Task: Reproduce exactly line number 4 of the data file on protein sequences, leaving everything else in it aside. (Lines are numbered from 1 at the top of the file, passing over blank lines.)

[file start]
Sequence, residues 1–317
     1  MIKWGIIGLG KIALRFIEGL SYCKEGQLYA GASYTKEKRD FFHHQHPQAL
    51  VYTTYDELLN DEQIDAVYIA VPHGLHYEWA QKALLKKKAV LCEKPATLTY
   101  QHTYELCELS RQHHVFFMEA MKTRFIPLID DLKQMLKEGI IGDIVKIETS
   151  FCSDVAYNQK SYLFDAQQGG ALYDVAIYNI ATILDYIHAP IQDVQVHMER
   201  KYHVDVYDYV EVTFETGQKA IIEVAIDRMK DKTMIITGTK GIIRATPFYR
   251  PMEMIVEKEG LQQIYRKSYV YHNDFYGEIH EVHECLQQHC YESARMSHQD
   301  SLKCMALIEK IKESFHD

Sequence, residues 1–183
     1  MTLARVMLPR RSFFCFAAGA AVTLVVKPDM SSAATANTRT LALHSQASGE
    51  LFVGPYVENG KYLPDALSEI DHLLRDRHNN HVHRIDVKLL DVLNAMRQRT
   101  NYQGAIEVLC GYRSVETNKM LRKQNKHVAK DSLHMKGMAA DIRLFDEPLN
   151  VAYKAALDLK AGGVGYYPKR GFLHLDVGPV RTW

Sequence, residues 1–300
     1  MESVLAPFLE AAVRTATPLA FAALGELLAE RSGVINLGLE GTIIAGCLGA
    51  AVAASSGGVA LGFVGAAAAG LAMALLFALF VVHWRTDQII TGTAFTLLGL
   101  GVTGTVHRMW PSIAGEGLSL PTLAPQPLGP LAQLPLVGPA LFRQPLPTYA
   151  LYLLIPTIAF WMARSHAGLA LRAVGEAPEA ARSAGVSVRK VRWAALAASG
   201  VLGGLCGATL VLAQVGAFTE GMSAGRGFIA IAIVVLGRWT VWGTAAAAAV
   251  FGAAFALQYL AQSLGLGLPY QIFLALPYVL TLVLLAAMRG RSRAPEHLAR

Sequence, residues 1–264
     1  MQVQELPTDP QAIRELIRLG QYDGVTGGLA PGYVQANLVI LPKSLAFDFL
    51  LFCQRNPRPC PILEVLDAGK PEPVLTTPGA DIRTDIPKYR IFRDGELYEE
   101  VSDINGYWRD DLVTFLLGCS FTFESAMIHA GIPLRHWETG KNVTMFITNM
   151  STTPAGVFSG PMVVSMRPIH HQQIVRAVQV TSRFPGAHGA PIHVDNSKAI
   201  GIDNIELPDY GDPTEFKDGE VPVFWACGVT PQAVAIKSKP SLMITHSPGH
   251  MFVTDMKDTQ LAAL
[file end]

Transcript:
   101  QHTYELCELS RQHHVFFMEA MKTRFIPLID DLKQMLKEGI IGDIVKIETS